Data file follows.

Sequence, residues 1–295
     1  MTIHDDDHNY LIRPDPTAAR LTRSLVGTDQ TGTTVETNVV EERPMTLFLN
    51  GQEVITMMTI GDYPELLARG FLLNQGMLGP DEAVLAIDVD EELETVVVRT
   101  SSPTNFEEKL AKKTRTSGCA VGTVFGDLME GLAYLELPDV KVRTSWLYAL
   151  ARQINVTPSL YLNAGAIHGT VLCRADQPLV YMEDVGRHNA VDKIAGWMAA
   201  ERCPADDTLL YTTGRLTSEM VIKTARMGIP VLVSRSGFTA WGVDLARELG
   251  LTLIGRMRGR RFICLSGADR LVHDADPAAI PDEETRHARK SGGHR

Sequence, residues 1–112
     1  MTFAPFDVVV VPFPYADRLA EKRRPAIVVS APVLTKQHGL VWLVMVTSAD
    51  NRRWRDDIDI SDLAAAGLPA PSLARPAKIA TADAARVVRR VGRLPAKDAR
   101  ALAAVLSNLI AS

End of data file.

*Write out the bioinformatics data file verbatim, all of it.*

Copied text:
Sequence, residues 1–295
     1  MTIHDDDHNY LIRPDPTAAR LTRSLVGTDQ TGTTVETNVV EERPMTLFLN
    51  GQEVITMMTI GDYPELLARG FLLNQGMLGP DEAVLAIDVD EELETVVVRT
   101  SSPTNFEEKL AKKTRTSGCA VGTVFGDLME GLAYLELPDV KVRTSWLYAL
   151  ARQINVTPSL YLNAGAIHGT VLCRADQPLV YMEDVGRHNA VDKIAGWMAA
   201  ERCPADDTLL YTTGRLTSEM VIKTARMGIP VLVSRSGFTA WGVDLARELG
   251  LTLIGRMRGR RFICLSGADR LVHDADPAAI PDEETRHARK SGGHR

Sequence, residues 1–112
     1  MTFAPFDVVV VPFPYADRLA EKRRPAIVVS APVLTKQHGL VWLVMVTSAD
    51  NRRWRDDIDI SDLAAAGLPA PSLARPAKIA TADAARVVRR VGRLPAKDAR
   101  ALAAVLSNLI AS